Skills outcomes
Use of techniques of data analysis in geography
- The use of Geographical Information Systems
- The use of Social Data Analysis
- The use of qualitative interviewing and other qualitative techniques within human geography and the social sciences


The module runs over semester 1 and semester 2.
Semester 1 focuses on the core ideas in Human Geography and Qualitative Research Design and Methods.
Lectures, seminars, practicals and tutorials will introduce students to:
1. The development of key ideas in human geography.
2. Different research approaches within the discipline and to the work undertaken by human geographers at Leeds.
3. Key methods and issues in qualitative research including: the rationales for using qualitative methods; principles of research design (such as site selection and sampling); research ethics; and techniques of data collection and analysis.
Semester 2 focuses on the development of writing and research design skills and Quantitative Research approaches
Lectures, seminars, practicals and tutorials will introduce students to:
4. Social Data, GIS and Spatial Analysis including: numerical approaches to research; spatial data analysis and visualisation; data acquisition and mapping; and cartography.
5. Bibliographical search methods and accessing data sources.
6. Literature review writing skills
7. Skills related to the development of ideas for research and the understanding of the early stages of research planning.

Teaching methods

Delivery typeNumberLength hoursStudent hours
Private study hours216.00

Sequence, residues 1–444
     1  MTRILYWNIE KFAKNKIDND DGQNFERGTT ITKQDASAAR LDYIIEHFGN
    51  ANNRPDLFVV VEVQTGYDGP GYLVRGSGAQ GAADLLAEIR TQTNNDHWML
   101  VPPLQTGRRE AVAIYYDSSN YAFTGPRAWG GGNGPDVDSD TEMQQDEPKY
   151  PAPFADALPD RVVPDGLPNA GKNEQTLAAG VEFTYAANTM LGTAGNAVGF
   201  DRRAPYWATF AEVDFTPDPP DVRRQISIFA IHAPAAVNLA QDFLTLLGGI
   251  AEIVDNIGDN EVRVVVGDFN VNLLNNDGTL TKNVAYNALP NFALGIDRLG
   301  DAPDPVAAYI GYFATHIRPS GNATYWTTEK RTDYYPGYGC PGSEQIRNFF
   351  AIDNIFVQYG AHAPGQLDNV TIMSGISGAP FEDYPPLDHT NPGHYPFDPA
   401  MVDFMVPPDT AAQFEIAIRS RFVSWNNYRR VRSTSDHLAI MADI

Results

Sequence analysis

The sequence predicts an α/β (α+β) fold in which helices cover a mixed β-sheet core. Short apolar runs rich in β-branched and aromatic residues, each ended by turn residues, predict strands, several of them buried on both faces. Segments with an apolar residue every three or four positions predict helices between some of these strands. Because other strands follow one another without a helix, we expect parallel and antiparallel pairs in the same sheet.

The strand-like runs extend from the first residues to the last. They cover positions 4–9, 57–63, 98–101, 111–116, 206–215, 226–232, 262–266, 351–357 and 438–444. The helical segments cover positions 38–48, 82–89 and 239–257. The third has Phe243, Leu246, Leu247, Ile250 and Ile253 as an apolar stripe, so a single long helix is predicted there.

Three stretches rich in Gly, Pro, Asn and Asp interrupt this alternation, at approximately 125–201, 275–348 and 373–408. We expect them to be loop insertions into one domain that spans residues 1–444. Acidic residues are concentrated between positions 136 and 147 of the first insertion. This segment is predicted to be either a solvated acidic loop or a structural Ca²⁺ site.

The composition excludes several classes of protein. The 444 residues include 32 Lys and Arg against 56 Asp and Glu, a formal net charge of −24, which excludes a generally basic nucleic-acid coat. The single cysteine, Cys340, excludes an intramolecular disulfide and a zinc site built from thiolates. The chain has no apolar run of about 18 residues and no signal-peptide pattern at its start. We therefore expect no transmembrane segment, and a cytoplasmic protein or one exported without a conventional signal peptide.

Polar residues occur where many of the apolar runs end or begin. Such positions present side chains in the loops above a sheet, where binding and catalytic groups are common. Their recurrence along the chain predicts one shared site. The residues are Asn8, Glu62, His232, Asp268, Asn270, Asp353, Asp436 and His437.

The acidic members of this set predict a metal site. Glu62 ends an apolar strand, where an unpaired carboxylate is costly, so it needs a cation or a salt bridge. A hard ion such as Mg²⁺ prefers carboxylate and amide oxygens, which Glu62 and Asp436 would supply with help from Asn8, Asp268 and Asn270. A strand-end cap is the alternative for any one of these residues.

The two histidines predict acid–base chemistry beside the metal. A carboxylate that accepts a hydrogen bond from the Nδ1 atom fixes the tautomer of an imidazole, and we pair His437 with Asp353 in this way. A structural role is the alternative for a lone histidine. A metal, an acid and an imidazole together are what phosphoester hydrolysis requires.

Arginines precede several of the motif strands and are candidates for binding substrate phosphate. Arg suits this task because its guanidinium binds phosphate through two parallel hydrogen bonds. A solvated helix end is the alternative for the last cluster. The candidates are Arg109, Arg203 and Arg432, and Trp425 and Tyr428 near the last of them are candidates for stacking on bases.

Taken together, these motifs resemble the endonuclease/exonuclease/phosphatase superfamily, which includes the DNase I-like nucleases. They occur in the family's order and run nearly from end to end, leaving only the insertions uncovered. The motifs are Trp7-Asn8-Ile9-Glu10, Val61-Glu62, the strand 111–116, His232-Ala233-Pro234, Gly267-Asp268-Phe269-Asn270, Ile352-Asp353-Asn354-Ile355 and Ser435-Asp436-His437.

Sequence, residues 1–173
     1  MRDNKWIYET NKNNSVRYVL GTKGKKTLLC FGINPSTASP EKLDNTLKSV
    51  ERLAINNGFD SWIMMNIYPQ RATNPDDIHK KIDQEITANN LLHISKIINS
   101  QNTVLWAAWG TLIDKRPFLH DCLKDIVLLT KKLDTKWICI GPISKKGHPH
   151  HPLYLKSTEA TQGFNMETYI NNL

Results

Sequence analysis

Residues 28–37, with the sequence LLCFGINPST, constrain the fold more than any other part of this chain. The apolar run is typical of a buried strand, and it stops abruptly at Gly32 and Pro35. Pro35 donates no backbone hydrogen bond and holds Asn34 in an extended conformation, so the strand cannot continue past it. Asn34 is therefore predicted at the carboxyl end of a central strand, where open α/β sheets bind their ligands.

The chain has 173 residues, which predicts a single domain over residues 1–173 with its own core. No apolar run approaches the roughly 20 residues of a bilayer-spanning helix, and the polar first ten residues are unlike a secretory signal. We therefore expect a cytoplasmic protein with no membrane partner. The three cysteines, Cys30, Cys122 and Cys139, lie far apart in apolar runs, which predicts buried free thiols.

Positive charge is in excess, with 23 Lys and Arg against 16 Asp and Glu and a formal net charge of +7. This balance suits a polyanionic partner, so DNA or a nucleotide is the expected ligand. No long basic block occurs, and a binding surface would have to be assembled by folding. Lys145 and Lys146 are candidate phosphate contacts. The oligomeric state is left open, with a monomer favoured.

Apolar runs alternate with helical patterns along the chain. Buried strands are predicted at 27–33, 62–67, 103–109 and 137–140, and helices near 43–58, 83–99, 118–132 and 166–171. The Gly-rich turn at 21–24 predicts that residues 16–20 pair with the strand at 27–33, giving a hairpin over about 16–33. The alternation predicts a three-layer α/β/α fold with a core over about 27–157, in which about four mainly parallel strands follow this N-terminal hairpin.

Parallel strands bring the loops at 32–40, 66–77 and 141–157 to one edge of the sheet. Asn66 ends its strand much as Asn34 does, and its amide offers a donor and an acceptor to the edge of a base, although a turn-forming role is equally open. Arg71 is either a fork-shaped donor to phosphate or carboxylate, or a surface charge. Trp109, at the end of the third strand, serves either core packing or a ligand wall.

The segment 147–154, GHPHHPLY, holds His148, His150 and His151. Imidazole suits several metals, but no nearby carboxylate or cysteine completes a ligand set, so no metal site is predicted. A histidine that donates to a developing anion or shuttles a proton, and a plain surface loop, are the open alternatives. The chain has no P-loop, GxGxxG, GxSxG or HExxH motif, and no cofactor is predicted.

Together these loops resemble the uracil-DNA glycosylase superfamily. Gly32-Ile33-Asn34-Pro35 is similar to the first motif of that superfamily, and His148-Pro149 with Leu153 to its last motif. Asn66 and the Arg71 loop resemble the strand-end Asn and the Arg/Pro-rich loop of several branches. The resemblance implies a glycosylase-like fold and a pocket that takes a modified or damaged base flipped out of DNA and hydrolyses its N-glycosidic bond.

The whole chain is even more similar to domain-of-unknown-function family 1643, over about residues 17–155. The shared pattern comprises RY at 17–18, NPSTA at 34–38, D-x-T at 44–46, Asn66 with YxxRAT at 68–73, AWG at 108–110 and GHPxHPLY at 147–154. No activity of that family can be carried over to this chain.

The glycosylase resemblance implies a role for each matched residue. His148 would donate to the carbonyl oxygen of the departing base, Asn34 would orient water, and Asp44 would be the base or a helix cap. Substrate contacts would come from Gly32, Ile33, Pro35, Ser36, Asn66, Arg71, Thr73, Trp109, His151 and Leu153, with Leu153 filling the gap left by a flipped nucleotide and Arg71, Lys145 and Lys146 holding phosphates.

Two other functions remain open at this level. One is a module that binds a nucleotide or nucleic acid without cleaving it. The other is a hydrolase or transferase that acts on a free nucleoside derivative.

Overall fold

Total Contact hours84.00
Total hours (100hr per 10 credits)300.00

Private study

216 private study hours (a combination of independent reading; completion of assessment tasks; initial bibliographical research to help frame and develop a project research proposal)

Opportunities for Formative Feedback

In addition to formal assessments, student progress will be monitored through:
- Seminar and tutorial discussions with staff to gauge the general understanding of the main concepts discussed in this module and assess progress over the 2 semesters.

- Practical sessions with staff to monitor students’ comprehension and ability to proceed with practical tasks and projects.

- Staff reviewing draft essay and literature review plans, and formative assessment of 500 word Final Year Project initiation form

Methods of assessment

Assessment typeNotes% of formal assessment
Essay1800 words25.00
Group ProjectQualitative Methods: 1800 equivalent per student to a 4000 word group report with appendices20.00
ReportFinal Year Project - 1500 words20.00
AssignmentData analysis practical - 1200 words equivalent17.50
AssignmentGIS/spatial practical - 1200 words equivalent17.50
Written WorkFinal Year Project Initiation Form - 500 word formative only0.00
Total percentage (Assessment Coursework)100.00

Final Year Project Initiation Form is 'pass-to-progress'.

Reading list

The reading list is available from the Library website

Last updated: 10/05/2018